#4 To promote further use of science and technology and innovation in DRR.

Technological and scientific advances should be translated into simpler language and communicated likewise.

          #5 To enhance DRR governance, transparency and accountability.

          #6 To contribute to the global deliberations on the post-2015 framework for DRR through the development of an ‘Asia Pacific regional HFA2 implementation plan’.

          #7 To build coherence between the post-2015 framework for DRR and current processes on the sustainable development goals and climate change arrangements.

 

2. Urban Resilience in Asia: special session during the 6th AMCDRR

Whether or not climate change impacts trigger migration is a different debate, however, it would be hard to cast doubt on the argument that phenomena like extreme rainfalls, typhoons or extensive droughts are often drivers of human displacement. As rural to urban migration rates become higher, almost 53% of the population in Asia is expected to live in cities by 2030, according to UN HABITAT. Environmental issues such as sea level rise, changes in rainfall patterns and rising mean temperatures along with social problems like poverty, crime, or political turmoil, synthesize a mosaic of chronic stresses and severe shocks that cities have to deal with. Nevertheless, while catastrophe is not always preventable, the ensuing destruction and devastation can be reduced as was highlighted during the Urban Resilience Session.

Urban resilience session

Below there is a brief summary of what the major focal points of urban resilience should be during the post-2015 period, as were discussed by the panel:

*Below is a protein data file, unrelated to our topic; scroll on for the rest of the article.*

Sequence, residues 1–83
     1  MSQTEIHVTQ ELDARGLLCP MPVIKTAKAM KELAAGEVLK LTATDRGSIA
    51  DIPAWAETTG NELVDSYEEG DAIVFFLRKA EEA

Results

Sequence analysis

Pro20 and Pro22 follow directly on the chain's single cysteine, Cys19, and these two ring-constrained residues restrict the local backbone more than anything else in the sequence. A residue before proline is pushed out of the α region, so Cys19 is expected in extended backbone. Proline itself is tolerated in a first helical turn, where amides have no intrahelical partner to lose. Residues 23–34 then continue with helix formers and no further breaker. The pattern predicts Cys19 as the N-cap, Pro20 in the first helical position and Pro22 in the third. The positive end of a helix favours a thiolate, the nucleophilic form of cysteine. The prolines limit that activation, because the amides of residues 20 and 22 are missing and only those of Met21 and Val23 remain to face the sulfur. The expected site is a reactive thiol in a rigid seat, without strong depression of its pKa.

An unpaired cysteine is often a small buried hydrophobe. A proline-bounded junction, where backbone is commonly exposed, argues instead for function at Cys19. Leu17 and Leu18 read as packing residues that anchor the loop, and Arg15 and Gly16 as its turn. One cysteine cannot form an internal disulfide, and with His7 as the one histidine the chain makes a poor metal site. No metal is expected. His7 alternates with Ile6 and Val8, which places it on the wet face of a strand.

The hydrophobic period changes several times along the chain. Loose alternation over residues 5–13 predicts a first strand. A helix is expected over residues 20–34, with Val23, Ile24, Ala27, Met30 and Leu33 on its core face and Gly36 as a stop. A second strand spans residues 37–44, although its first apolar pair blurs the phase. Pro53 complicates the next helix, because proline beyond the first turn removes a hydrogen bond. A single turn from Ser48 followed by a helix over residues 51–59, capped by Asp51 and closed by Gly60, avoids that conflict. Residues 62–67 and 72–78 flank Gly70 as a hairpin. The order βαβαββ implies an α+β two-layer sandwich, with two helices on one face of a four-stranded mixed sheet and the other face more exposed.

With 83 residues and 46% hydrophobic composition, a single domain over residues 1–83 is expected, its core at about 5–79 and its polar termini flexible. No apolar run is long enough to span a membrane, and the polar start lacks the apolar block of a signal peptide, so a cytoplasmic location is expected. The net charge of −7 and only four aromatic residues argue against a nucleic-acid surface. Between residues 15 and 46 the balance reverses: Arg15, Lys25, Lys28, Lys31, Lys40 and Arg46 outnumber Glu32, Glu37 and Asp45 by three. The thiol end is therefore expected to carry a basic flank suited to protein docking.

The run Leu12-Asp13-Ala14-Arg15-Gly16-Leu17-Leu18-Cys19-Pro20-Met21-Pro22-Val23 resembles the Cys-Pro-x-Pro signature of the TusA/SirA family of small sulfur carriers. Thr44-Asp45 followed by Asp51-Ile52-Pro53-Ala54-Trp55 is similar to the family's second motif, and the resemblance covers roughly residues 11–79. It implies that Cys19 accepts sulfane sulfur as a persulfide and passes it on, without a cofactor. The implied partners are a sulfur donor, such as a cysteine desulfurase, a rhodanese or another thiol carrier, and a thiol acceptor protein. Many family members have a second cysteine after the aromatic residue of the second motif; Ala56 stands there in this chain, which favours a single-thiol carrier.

• Exploring an appropriate approach of urban resilience and risks

Urbanization is a multifaceted transformative process; hence urban resilience is about the need to comprehend the kind of transformations will take place in broader landscapes and regions. As Dr. Richard Friend put it, ‘multi-scale, multi-locational changes’ are to come as a consequence of urbanization. Urban areas include complicated interdependent systems, the failure of which could lead to cascading impacts affecting the availability of, or access to, clean water, electricity and communications. Furthermore, urban systems extend beyond the administrative borders of a city to the surrounding areas that also depend on those complex systems. Therefore, urban risks require a particular approach that ensures that possible failure of any single system will not provoke cascading collapse of broader systems. This could be achieved, for instance, by better governance or even improved land-use planning.